On a dark rainy night in January, Robert Fernea broke open the padlock to a little mud home in El-Nahra, to introduce his bride to their new home. Birds chirped overhead from the thatched ceiling and the room was littered with books, papers, clothes, blankets and dishes. The year was 1956 and Elizabeth Fernea struggling to carry her luggage and keep her black cloak on (abayah) entered the threshold of her new life in Iraq. And here begins her book, ‘Guests of the Sheikh, An Ethnography of an Iraqi Village’.
For readers weary of the post-invasion American gaze on Iraq, this is a refreshing piece of work, written in 1965. Written with sincere humility and respect, it tells us of the lives and concerns of the people of this tiny village in southern Iraq where so much happens even if it appears stuck in a time warp.
Elizabeth accompanies her husband Bob, (known to the villagers as Mr. Bob) on his doctoral research studies in the village. Both diligently follow the rules of society to avoid becoming a hindrance in their own work of observation. They are the guests of the local Sheikh Haji Hamid and live in his guest house for almost two years, recording the lives of the tribal inhabitants of the village.
The discomfort of a little mud house in the middle of a conservative and traditional Iraqi village are all initially bewildering for Elizabeth – brought up in Canada and Portland, Oregon. But as she dedicates herself to the rule book that includes gender segregation and veiling and allows herself to be swept up in the lives of the local women, she starts to form bonds and eventually deep friendships.
This is not a long litany of a western woman’s woes in the midst of such a different society. Fernea writes with a warm and matter-of-fact tone, placing everything in the local context - ranging from the longing for boy babies to the curse of being unmarried.
Her education and western freedoms hardly make her the object of envy in El-Nahra. On the other hand she is pitied. She has no gold, lives far away from her mother, has no children and cannot even cook rice! The initial weeks and months are full of trepidation and emotional lows as she enters the world of the village women all by herself - a world full of playful and often seemingly cruel teasing.
But Fernea makes her way, slowly but surely into this world and in fact her finest touch is in the way she makes each of these heavily veiled village women – Laila, Sherifa, Selma, Aziza and several others, emerge as colourful characters. These women take Fernea under their wing, protecting her from Mr. Bob’s imaginary beatings (as they expect any normal Iraqi husband to do) teaching her how to cook rice and even keeping her away from the company of strange men (American friends who Fernea longs to share a beer with!).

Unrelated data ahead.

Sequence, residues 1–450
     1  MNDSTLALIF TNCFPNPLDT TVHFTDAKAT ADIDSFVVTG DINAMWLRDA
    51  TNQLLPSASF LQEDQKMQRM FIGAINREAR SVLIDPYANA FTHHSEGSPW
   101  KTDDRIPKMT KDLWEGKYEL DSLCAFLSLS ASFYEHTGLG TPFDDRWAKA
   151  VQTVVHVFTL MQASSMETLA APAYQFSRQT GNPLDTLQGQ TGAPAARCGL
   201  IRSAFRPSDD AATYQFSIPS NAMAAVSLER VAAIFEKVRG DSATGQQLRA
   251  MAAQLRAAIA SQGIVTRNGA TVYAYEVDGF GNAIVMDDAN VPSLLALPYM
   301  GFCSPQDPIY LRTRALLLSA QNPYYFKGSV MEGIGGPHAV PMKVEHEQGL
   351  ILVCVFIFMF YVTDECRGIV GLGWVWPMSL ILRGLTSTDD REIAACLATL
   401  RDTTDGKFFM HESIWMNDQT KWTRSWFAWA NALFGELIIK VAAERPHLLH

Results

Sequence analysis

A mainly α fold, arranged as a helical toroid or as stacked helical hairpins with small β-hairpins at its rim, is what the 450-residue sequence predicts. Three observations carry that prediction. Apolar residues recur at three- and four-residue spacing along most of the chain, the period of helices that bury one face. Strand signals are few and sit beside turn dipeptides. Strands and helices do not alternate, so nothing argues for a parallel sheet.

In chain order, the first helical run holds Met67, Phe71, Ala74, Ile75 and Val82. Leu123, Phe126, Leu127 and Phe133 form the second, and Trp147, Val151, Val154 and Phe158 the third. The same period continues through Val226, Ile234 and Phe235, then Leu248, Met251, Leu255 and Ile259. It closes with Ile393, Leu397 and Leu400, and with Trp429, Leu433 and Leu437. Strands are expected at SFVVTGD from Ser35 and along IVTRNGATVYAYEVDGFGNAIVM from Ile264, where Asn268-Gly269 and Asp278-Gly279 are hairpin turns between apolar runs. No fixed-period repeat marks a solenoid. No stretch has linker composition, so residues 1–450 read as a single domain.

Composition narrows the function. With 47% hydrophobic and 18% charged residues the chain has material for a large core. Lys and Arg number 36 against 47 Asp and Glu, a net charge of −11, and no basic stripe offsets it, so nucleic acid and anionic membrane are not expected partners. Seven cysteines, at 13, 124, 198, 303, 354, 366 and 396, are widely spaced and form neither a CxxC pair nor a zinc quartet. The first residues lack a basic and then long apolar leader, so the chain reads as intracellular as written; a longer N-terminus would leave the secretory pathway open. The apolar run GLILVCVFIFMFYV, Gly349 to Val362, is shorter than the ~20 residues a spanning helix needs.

The book brings alive the daily rhythms of this little Iraqi village going through the full annual cycle of highlights – Ramadan, Eid, Ashura (this is a Shia village), the pilgrimage to the holy city of Karbala, the harvests and the feasts. The reader is drawn into the womens inner gossip circle about who is to marry whom, who is pregnant and who will be the new school teacher.
The main preoccupation seems to be the impact of the salinity of the land. The Iraqi nationalism of the 1950s does not seem to touch the village except for the few central government employees such as the young irrigation officer – Jabbar who believes in the communist revolution and the young school teacher Aziza who desperately wants to learn English and goes unveiled when she is in Baghdad.
For the others, life is largely still about the old rules of tribal fealty and family honour although here too attitudes towards women’s education are changing. The young Basima is being sent to school in Diwaniya and the fact that she will live in a house with unmarried men invites a few sharp comments from the Sheikh’s wife Selma.
Fernea’s descriptive power is strong and the fact that she refrains from throwing in her own judgments every few paragraphs makes her work uncluttered and enjoyable to read.
She and her husband left Iraq in 1958, the year Abd al-Karim Qasim became Prime Minister overthrowing the monarchy. The revolution had come to Iraq although everything was soon to go horribly wrong under the Baathists and Shia society would experience a long period of repression.
Fernea died last year at the age of 81, after a long and productive career as professor of comparative literature and middle east studies at the University of Texas.
Her work is that much more valuable as it captures the beauty of a small Mesopotamian village ahead of its darkest days.